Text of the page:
Magnum Opus Warehouse – Mainstage

Remaining Performances: Sunday, July 12 at 4:15 p.m. Thursday, July 16 at 5:30 p.m.Saturday, July 18 at 2 p.m. Saturday, July 25 at 8:30 p.m.

They say: “Robert, a struggling playwright, undertakes a Faustian bargain of inspiration in return for his sanity. Driven by his desire to please his wife Claire and succeed as a writer, he risks his life in return for his Magnum Opus.”

Brian’s take: When he was a kid, my little brother refused to eat eggs. And I remember one morning when, despite his protestations, my mother kept on cajoling him to take a bite — just one bite — until finally he explained, “I like eggs, I just don’t like the taste!”

That’s pretty much how I’d describe my feelings about Magnum Opus, a new opera by the Alterna Opera company. It’s a predictably well-made tragedy: You’ve got your struggling playwright, his casually flirtatious wife, the composer charming her into casual flirtation, and a pair of muses (though they behave more like sirens) whispering some nefarious solutions in the playwright’s ear.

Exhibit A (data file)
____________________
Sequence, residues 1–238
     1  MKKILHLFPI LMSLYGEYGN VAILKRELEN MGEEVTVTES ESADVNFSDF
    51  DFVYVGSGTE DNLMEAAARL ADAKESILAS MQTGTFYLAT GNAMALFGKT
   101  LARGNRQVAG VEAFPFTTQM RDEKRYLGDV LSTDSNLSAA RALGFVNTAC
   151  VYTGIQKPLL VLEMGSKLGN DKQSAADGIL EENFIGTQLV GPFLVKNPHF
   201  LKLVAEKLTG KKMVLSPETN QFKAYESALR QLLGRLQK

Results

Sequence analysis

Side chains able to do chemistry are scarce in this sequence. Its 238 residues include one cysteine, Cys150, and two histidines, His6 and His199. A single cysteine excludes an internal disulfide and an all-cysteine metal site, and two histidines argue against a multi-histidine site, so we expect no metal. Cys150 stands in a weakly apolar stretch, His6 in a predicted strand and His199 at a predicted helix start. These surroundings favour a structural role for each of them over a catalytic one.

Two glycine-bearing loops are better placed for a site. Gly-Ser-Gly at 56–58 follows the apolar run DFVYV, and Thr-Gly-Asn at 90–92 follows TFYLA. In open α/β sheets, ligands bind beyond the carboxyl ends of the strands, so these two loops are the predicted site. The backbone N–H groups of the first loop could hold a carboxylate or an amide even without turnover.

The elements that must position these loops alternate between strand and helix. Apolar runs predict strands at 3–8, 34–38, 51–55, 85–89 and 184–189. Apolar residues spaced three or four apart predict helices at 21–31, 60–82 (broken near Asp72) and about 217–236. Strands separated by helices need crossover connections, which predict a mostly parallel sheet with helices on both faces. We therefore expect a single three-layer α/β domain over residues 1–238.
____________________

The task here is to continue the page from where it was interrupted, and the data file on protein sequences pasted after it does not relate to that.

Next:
The real playwright should’ve summoned a few siren-muses for himself, because while the show does contain plenty of your daily vitamins and minerals, it leaves you wanting some flavor. Likewise with the performers, who belt a respectable original score but enlist the rest of their bodies — i.e. limbs and facial muscles — with much less vigor than they do their diaphragms.

Not that Magnum Opus doesn’t manage to be pleasing. The cast is invested enough — in its own laconic way — the orchestra tight enough, the production polished enough to make for an enjoyable time. Does it live up to its namesake? Not quite. Maybe if they retitled it “A Highly Palatable 60 Minutes.” But as one specter of a character realizes, after his own maddening brush with the muses, notes on a sheet of composition might resemble raindrops on a window or, depending on your state of mind, flies on a carcass.  Magnum Opus manages to do both.

See it if: That last metaphor does it for ya.

Skip it if: You really should be at home writing instead.